• Video-conferencing tools like Zoom couldn't cope with a high volume of new customers, and they couldn’t bulletproof their software in a short time. Therefore, the company had to suffer from Zoombombing.
  • Facebook integrated into WhatsApp and changed the app’s Privacy Policy. Now, people are jumping ship under the false belief that a messaging app that they have been using for years is no longer end-to-end encrypted.
  • Hackers stole and led data of 1,000 high-profile police officers in Belarus to prevent the crackdown against a group of protestors.
  • FireEye, a renowned security firm, ironically experienced a cyberattack and lost crucial hacking tools. Most cybersecurity experts called it a nation-level attack.
  • The list goes on and on.

Data Privacy Just Got Serious

The price we have to pay for not taking privacy a little more seriously:

  • The average cost for a nation-backed data breach was $4.43 million in 2020. Out of all the malicious data breaches that happened last year, nation-backed attacks amount to 13%.
  • Google, Amazon, and WhatsApp experienced the most phishing attacks in the second quarter of 2020. Phishing targeted companies and individuals and is regarded as the most common of cyberattacks.
  • 20.8% of the total malicious spam happened in the United Kingdom last year. British citizens were also victims of an extensive email scam that used “coronavirus” as the email subject and triggered them to click a malicious link.
  • Cyberattackers hacked Twitter account to start a Bitcoin scam back in July 2020. They targeted high-level politicians and celebrities like Joe Biden, Barack Obama, Bill Gates, Kanye West, and Elon Musk.
Data Privacy Just Got Serious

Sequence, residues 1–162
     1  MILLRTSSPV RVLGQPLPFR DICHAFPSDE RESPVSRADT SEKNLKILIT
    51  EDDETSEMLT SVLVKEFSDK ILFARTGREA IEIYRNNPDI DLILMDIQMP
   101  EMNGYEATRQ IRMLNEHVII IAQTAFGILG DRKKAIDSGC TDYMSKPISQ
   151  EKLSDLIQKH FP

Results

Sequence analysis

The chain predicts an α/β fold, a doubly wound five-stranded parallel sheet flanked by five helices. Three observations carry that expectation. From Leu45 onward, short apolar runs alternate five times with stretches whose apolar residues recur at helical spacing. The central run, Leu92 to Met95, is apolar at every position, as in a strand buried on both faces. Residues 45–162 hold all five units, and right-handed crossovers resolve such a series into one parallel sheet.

What Do You Need to Do?

The internet never sleeps, and it’s a constant threat. Many people are not as informed about data privacy and online threats. Even though you cannot stop high-profile breaches and hacks single-handedly, the most crucial step is to become a DPD champion. We want to ensure no one can use, manipulate, or steal your data at any point in your life.

Here’s what you can do at a personal level:

Be aware of your surroundings:You might connect to a Wi-Fi hotspot at Starbucks or a legitimate hotspot run by a malicious actor. Avoid doing any online transactions when you are connected to public Wi-Fi.

Turn off Bluetooth connectivity: Anyone can connect to your mobile device if your Bluetooth stays on without any reason. This usually happens in a hotel lobby and without your knowledge.

Use Multi-factor authentication: Not two-factor authentication but multi-factor authentication, which can protect your emails, online accounts, and private messages. Use complex passwords that contain special characters.

Create a privacy culture:Talk about privacy tips over dinner with your loved ones at home, especially with senior adults or pre-teens. You can share some of our blogs with your co-workers to ensure they are following privacy hygiene.

Be a part of Data Privacy Day: Check all the DPD activities on January 28, 2021, be it on Facebook or Twitter. Follow data privacy trends and hashtags to make sure you are doing your part.

What Do You Need to Do?

PureVPN is a DPD Champion

We care about people, our customers, and the online community. The P in PureVPN stands for privacy and people. We are privileged to join hands with other cybersecurity organizations to promote DPD and build a privacy-centric environment. Data privacy is a two-way street.

There is no silver bullet or a one-size-fits-all strategy when it comes to data privacy. Like a VPN, we can give you the tools to enhance your online privacy or education on dealing with threats, but we can’t stop you from clicking a malicious link or opening ports when they are not needed.

You have to protect your private data and take responsibility.

Every person is responsible. Do your part.

Own Your Privacy.

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PureVPN is a DPD Champion